While we were sleeping
Government machine keeps on churnin’
By Jessi StaffordPosted Jan 11, 2012
While you were sleeping, the money died, machines were harmless and the earth sighed; through the wind you slept sound.
-Elvis Perkins, “While You Were Sleeping”
While much of the country was busy traveling last month, taking time off from work to catch up with family and friends, the government was quite busy.
The political climate has been so focused on the incessant GOP debates, it’s difficult to remember there is an existing governing body which still has one year left to bring out the big guns. A few important actions stealthily delivered alongside our holiday cheer have inspired much frenzy in the New Year, and they involve food, freedom and a good ole recess appointment.
A case of the superbugs
Initial reports in December said the Food and Drug Administration (FDA) would not be regulating the use of human antibiotics fed to healthy livestock (in spite of long-held plans to do so) leaving environmental groups and food policy advocates down in the dumps. Ongoing criticism states the FDA is not acting in the best interest of public health. Research cites rampant antibiotic use will produce drug-resistant disease strains, or “superbugs.” The U-turn decision was made during the holiday season and only published in the federal register, according to several reports including The Guardian. Michael Pollan, author of the Onmivore’s Dilemma, has been outspoken on the topic.
“When Margaret Hamburg became the head of the FDA...she was going to treat this issue as if her hair was on fire. This isn’t the way someone acts when their hair is on fire,” Pollan wrote.
Additionally, critics of the FDA say there’s no reason not to ban antibiotics in food because the EU has already done so. Those in the meat industry counter that antibiotics are necessary to keep animals healthy before consumption. Currently, 80 percent of antibiotics sold in the United States are used in livestock, according to analysis by Johns Hopkins School of Public Health. In a surprise move, the Feds ruled to limit some antibiotics after all, particularly cephalosporin in cattle, swine, chicken and turkey. Cephalosporin accounts for less than half of one percent of all antibiotics used in the U.S., and though the drug can no longer be used preventatively, it can still be used to treat illness, an allowance meat industry folks are content with.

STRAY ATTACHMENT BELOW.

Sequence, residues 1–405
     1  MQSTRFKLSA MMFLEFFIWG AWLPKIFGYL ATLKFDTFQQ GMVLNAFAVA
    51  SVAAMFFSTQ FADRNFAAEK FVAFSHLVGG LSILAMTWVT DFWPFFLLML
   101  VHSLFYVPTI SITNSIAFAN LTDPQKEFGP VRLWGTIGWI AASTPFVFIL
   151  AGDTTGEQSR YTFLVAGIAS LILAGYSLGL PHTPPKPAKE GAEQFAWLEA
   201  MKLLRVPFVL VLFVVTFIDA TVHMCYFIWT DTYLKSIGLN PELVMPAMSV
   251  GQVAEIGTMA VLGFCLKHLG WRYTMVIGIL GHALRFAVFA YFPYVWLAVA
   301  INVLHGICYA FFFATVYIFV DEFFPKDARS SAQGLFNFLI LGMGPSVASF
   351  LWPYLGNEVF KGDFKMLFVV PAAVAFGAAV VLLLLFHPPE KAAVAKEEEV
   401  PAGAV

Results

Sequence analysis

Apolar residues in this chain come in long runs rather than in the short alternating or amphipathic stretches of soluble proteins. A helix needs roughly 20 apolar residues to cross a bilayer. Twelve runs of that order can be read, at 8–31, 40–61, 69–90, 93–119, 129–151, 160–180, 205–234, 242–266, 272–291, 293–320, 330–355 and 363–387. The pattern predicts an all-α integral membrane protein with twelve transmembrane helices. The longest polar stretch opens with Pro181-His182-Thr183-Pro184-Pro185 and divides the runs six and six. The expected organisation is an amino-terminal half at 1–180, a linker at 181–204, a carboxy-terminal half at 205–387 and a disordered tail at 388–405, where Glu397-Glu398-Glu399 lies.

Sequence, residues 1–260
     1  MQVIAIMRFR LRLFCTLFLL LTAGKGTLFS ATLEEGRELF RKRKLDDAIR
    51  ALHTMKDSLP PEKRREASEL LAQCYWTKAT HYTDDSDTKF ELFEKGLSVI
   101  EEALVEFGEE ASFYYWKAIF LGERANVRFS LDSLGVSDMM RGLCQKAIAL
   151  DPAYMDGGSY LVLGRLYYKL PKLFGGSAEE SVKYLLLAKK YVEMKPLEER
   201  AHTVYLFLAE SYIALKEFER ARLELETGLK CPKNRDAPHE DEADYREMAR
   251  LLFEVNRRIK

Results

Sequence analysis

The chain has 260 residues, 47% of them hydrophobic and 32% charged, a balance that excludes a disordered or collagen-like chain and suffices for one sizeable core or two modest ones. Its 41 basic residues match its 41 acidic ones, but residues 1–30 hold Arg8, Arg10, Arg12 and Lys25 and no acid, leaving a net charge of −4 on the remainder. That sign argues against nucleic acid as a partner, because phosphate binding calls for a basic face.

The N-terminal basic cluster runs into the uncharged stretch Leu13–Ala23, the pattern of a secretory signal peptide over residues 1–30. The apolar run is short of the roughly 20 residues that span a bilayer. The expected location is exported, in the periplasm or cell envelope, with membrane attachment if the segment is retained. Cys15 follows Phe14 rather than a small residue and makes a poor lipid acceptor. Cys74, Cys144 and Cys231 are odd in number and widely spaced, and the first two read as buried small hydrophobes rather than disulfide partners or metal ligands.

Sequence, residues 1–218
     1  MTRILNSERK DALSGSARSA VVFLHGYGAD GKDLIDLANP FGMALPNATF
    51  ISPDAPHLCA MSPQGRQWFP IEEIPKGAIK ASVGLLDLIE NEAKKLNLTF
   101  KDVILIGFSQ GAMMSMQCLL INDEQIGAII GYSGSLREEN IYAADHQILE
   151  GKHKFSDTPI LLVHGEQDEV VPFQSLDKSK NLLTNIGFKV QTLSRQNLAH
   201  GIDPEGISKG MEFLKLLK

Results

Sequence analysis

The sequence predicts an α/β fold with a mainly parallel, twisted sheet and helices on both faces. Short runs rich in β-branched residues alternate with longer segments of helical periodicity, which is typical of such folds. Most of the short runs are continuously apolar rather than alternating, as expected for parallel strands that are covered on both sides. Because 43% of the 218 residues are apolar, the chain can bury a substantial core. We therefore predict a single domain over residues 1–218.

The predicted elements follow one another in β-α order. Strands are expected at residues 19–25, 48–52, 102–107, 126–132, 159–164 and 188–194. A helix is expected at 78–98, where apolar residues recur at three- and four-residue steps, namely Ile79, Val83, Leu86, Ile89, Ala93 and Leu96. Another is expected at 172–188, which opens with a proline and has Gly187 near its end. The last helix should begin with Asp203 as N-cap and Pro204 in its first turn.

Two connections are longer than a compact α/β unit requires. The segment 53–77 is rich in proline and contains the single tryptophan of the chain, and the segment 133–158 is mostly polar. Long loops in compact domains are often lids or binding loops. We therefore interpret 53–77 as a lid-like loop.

But we were at recess!
Another testy happening came in the form of President Barack Obama’s recess appointments. Obama’s decision to name Richard Cordray to head the Consumer Financial Protection Bureau, and three people to seats on the National Labor Relations Board, while Congress was out of session have opponents calling the moves unconstitutional. Two areas of discrepancy circulate in reports from the Washington Post to The Daily Show: First, calling Obama’s appointments unconstitutional is ignoring similar appointments by President George W. Bush during his term, and other presidents throughout history including Democrat Harry Truman and Republican Theodore Roosevelt. On the other hand, Congress may have actually been in session...for roughly one minute, a move Democrats created during Bush’s term to prevent such recess appointments from taking place. These non-legislative “proforma” sessions have been happening every three days in an attempt to block Obama. It seems arguing parties can’t seem to make up their mind about what the issue is exactly, while Obama is facing a legal battle over his actions. Senate officially resumes lawmaking on January 23.
Detention is a b*tch
The indefinite detention bill embedded in the 2012 National Defense Authorization Act (NDAA) has perhaps been the most fury-inducing act over the holidays yet. The Senate passed the bill, ironically or ominously, on Bill of Rights Day. The bill was signed on December 31, 2011. Happy New Year! The President himself said he had “serious reservations” about the provisions and how his administration would use the authorities granted by the NDAA. Oh well! Organizations like the ACLU say the bill is an extremely dangerous one, one with a worldwide sweep, “because it has no temporal or geographic limitations, and can be used by this and future presidents to militarily detain people captured far from any battlefield.” Even if you are an American citizen, and you are merely suspected of acts of terrorism, you can be held in detention, indefinitely. Others claim the bill isn’t actually as terrifying as it sounds. But even the New York Times, notoriously pro-Obama, issued a fairly condemning editorial on the topic. The main argument against this bill is that it blatantly ignores the principle of due process, as well as the right to a free trial. It’s preventive law, and assumes all suspects are guilty before proven innocent. And that’s what we missed, while we were sleeping.